"I'll be back soon, Indu". Shivagupta said, looking at her flawless cheeks tinted with sadness.
"You sure will! you always come back to me". She blushed and the beauty was restored in her cheeks. "Will you come back, before next full moon? " she rested her head on his shoulder, holding his arm.
"I hope so, Hunas are not easy to conquer, though."
"Red moon is a bad omen, Shiva. I am scared" she said, looking at the moon. Her saffron clothes matched with the color of moon.
"Moon doesn't decide the fate of a warrior, Indu, sword does and I have the best sword in the world".
Shivagupta shook his head. And put his hand around her shoulder and started brushing her hair.
"They say, loving a Bhramin girl brings bad luck to the prince".
"And what would I do with all the good lucks in the world, without your inebriating eyes". He kissed her both eyes.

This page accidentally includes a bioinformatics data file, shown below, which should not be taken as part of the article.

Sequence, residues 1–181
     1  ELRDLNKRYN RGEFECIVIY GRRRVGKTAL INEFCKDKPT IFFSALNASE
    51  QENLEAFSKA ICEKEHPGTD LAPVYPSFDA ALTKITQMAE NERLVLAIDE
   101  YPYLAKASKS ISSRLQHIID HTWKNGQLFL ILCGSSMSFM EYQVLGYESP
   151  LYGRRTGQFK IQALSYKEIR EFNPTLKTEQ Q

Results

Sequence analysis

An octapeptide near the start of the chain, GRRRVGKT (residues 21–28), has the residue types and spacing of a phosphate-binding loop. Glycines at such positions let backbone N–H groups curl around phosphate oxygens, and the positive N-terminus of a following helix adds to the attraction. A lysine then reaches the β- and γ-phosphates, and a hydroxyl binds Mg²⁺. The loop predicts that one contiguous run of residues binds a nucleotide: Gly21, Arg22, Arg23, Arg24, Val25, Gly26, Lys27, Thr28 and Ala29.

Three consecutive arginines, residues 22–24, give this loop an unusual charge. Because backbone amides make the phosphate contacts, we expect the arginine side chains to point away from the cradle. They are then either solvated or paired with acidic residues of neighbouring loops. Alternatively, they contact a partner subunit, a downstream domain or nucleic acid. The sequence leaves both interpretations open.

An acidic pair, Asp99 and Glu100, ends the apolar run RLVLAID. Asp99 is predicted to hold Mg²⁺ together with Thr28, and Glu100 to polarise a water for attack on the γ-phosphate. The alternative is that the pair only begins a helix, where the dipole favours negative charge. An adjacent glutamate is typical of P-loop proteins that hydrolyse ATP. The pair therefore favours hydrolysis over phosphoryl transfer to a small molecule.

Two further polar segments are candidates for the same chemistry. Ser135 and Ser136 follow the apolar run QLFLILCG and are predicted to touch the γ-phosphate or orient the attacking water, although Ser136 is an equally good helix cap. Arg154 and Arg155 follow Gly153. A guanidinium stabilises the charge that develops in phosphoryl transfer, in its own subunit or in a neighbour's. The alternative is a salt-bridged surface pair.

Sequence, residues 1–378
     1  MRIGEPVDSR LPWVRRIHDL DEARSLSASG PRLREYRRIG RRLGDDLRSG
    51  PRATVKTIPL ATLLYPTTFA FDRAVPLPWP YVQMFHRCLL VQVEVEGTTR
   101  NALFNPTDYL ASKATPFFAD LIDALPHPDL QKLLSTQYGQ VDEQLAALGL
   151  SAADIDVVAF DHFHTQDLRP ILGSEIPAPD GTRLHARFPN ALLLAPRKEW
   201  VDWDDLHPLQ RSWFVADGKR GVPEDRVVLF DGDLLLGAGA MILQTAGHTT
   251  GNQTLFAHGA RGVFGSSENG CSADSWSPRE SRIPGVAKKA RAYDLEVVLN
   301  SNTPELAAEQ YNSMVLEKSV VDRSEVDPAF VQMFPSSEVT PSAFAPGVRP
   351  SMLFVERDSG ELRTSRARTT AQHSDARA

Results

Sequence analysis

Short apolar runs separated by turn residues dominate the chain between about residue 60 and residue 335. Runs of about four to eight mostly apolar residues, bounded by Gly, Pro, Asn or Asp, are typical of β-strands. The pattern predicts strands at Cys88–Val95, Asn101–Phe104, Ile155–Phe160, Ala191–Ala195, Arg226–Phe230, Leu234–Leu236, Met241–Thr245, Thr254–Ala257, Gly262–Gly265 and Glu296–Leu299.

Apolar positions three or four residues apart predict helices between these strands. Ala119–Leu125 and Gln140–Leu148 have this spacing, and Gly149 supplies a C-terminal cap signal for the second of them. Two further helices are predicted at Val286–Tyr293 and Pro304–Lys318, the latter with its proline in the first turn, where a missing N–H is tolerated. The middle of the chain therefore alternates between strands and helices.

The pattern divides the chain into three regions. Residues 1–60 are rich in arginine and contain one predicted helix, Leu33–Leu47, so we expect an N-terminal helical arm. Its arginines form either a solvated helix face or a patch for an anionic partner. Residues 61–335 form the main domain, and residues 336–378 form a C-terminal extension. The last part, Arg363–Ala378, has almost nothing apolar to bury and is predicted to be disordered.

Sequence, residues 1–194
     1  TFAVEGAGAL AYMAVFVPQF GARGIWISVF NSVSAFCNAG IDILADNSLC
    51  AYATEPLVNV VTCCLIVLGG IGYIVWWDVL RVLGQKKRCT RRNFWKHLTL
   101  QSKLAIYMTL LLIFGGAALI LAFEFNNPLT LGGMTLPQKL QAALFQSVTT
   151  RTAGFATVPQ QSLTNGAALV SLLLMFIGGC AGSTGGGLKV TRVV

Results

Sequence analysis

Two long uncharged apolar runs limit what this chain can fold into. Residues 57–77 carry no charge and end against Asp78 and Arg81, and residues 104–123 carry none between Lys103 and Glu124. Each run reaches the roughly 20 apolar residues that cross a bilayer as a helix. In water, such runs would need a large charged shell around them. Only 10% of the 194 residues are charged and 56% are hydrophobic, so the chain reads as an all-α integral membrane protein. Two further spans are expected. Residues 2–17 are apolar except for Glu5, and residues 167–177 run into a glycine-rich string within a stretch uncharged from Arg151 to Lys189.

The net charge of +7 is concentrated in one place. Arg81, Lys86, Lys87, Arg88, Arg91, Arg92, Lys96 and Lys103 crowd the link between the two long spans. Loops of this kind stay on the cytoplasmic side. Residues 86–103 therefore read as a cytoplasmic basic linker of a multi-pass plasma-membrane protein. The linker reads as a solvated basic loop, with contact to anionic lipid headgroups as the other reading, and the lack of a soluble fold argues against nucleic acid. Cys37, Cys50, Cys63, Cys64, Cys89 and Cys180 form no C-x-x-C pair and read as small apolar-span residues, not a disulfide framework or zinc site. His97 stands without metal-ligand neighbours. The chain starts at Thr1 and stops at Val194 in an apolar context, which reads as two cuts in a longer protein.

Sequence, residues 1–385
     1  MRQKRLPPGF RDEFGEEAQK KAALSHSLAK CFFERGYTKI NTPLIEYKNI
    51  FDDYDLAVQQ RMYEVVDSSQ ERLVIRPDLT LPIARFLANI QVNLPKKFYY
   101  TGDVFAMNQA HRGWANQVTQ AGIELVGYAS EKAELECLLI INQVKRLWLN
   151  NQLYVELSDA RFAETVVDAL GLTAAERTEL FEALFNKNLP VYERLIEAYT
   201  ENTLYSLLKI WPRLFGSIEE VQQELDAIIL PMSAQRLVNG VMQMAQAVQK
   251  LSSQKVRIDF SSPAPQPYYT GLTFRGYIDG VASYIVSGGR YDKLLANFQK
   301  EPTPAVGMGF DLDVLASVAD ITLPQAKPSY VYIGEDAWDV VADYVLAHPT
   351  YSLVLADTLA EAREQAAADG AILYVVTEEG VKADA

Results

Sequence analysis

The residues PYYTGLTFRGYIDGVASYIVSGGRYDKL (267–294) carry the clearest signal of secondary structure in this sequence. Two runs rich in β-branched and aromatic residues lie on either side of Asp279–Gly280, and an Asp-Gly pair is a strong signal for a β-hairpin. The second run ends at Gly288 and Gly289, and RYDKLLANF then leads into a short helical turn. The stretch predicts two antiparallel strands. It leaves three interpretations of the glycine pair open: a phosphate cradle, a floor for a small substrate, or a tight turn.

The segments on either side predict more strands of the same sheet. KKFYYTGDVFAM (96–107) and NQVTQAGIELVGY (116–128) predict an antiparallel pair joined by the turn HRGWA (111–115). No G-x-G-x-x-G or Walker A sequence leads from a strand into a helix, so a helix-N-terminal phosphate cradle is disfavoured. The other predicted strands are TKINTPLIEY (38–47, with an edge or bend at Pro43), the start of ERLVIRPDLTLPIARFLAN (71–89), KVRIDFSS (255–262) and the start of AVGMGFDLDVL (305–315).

"You're awfully sweet, shiva. I really can't wait to see you becoming Yuvraj. I hope Mahadhiraj would declare it soon. That would be the best day of my life". She said opening her eyes and smiling.
"It won't happen"
"Why not? You've won more battles than anyone and people worship you and Kumargupta does nothing but hearing the poets".
"You know very well why..."Shivagupta look at her with furrowed forehead.
"But Mahadhiraj doesn't treat you any different from Kumargupta"
"It changes nothing, Indu", he sighed "It doesn't change the fact that I am not his blood. It doesn't change the fact that my coward father gave my pregnant mother to Sakas because he wasn't man enough to fight. It doesn't change the fact that if Mahadhiraj didn't rescue and remarried her, I would probably be scrubbing the feet of Sakas, today. It doesn't change the fact that Kumargupta hates me for this.
"Don't talk like this, Shiva". She said and looked in his eyes, locking her fingers with hers.
"Kumargupta won't miss the first opportunity he gets to get rid of me", touch of her soft fingers soothed his pain, a bit.